Genetic counseling in modern dr. sharda jain

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Genetic counseling in modern dr. sharda jain

  1. 1. Genetic Counseling in Modern Obstetrics Dr. Sharda Jain Director :- Sec General : Delhi Gynae Forum
  2. 2. Teacher
  3. 3. DNA Testing Simplified in day- today use (available in INDIA)  Paternity Parentage and relationship testing services  Sibling ship test (Brother /sister)  child swap case  Identification profiling - theft & rape cases  Property dispute Cases  Immigration /Visa purpose  Genetic Test - Anccesity Services
  4. 4. Genetic Predisposing Test  25 chronic disease  7 types caners  Diabetes type 1 & 2  Migraine  Obesity
  5. 5. Background  Genetics: Role in virtual congenital malformation disorders  - Causation - Recurrence Rate - Carrier State - Management Each of us carry at least 20 harmful genes !!! Future counseling will be routine
  6. 6. H/O poly hyd. In 2 preg. Club foot Myotonia
  7. 7. Myopathic facias Myopathic facias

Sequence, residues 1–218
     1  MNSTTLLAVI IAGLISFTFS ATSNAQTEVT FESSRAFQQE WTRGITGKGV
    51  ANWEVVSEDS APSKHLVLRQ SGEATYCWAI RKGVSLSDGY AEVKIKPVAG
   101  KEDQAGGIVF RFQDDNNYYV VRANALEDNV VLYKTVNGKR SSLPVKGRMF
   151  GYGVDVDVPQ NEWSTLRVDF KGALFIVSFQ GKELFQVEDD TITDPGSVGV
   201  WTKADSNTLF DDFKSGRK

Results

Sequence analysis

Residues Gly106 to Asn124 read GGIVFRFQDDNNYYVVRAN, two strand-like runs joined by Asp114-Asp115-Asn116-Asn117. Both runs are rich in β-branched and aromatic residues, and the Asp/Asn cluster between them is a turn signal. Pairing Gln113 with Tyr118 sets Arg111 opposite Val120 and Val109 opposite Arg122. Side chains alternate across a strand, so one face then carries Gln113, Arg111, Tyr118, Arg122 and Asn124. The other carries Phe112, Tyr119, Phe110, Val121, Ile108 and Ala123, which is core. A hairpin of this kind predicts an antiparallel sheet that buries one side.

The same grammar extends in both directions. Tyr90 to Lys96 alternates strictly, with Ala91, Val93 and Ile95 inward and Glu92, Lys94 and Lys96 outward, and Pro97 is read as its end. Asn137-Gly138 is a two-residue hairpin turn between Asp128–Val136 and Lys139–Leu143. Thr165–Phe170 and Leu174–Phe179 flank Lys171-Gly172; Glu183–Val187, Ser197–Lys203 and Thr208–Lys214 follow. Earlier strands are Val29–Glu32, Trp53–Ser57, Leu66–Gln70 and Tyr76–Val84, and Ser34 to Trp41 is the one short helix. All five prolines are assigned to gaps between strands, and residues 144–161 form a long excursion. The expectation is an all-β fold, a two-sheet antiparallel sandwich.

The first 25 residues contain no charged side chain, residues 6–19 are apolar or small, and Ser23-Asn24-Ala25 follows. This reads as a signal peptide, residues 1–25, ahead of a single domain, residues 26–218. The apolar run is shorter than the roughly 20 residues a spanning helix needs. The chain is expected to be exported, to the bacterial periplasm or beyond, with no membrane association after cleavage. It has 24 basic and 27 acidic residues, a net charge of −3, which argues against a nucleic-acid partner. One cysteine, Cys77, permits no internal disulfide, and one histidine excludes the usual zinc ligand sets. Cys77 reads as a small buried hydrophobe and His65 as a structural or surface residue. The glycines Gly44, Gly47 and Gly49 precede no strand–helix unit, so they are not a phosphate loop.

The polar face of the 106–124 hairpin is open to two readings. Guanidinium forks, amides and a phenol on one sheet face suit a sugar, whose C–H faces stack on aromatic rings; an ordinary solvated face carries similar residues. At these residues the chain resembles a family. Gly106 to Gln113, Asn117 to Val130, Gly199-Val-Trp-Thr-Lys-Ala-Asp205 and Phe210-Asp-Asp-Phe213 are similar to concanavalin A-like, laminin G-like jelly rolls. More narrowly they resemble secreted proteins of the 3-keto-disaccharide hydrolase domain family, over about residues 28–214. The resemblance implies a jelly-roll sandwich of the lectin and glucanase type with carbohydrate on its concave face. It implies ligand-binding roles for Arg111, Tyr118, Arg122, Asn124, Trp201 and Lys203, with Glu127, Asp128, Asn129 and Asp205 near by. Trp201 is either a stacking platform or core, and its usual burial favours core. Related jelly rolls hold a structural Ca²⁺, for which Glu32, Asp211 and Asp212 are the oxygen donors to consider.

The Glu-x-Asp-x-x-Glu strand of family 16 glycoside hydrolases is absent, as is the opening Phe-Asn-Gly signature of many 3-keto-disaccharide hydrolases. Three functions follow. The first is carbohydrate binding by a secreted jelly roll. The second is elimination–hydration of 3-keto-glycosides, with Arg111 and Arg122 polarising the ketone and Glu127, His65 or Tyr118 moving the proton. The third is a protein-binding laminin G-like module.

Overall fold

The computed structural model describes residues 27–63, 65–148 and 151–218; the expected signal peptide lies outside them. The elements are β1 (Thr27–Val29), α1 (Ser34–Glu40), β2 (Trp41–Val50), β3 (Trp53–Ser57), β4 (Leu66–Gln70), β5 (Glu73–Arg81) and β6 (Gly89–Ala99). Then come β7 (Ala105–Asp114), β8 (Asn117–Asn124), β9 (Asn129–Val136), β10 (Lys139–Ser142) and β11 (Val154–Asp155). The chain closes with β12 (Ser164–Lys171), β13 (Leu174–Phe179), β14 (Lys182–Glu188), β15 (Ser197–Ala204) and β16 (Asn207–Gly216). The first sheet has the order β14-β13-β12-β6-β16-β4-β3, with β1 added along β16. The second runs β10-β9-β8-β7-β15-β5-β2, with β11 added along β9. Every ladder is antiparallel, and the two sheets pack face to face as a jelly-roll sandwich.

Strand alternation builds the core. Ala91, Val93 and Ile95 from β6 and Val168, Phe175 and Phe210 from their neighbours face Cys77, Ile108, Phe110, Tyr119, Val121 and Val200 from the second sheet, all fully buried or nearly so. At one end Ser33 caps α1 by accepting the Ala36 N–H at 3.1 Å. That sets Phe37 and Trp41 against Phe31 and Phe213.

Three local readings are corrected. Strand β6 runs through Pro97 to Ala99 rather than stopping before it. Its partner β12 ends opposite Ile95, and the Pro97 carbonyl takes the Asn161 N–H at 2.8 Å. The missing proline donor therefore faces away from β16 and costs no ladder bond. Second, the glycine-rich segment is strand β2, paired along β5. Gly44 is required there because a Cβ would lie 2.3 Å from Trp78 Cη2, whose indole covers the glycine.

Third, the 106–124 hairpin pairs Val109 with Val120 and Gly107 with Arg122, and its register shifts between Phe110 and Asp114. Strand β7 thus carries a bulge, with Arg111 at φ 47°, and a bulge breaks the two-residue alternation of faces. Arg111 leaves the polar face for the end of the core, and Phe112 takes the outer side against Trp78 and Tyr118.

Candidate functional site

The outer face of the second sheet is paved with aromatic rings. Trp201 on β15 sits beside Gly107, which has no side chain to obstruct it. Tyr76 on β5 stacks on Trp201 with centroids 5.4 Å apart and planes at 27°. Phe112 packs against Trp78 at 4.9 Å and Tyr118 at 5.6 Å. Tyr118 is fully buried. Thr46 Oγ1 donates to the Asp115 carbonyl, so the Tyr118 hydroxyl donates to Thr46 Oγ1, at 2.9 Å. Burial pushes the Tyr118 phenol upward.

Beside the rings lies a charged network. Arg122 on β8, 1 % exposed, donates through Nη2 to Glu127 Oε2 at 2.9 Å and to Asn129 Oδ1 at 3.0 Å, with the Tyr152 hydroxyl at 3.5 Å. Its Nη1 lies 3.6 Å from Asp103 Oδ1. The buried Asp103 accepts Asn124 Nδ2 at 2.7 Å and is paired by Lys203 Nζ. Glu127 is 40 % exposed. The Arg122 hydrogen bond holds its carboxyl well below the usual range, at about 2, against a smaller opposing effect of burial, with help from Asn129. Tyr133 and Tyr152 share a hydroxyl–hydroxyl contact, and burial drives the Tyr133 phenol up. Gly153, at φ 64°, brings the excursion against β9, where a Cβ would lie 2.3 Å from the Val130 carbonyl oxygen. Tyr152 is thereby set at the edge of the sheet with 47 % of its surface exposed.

8. 8. Still birth with talipes + Meningo
  9. 9. Obstetric load  3-4% all births associated with major congenital malformation  1 in 13 conceptus has chromosomal abnormality  50% 1st trimester abortions have chromosomal abnormality  0.2% babies born with balanced chromosomal rearrangements  5.6 & 11.5% still births & neonatal deaths associated with chromosomal defects
  10. 10. No scientific field has greater impact of Genetics on clinical practice than Obstetrics !!!
  11. 11. Basic knowledge of Genetics essential in modern Obstetrics
  12. 12. Some Common Disorders / RR Case Histories Disorder Mode of Inheritance Recurrence risk Method of prenatal diagnosis ß – thalassemia Autosomal recessive 25% Mutation detection Sickle cell disease Autosomal recessive 25% Direct detection of mutation Spinal muscular Atrophy Autosomal recessive 25% Mutation detection Cystic Fibrosis Autosomal Recessive 25% Mutation detection
  13. 13. Disorder Mode of Inheritance Recurrence risk Method of prenatal diagnosis Duchenne Muscular Dystrophy X- linked recessive 25% of all children or 50% of male children Mutation detection Achondroplasia Autosomal dominant 50% if one parent affected Mutation detection Neural Tube defect Unknown 3-5% after one 10% after two Ultrasound / a FP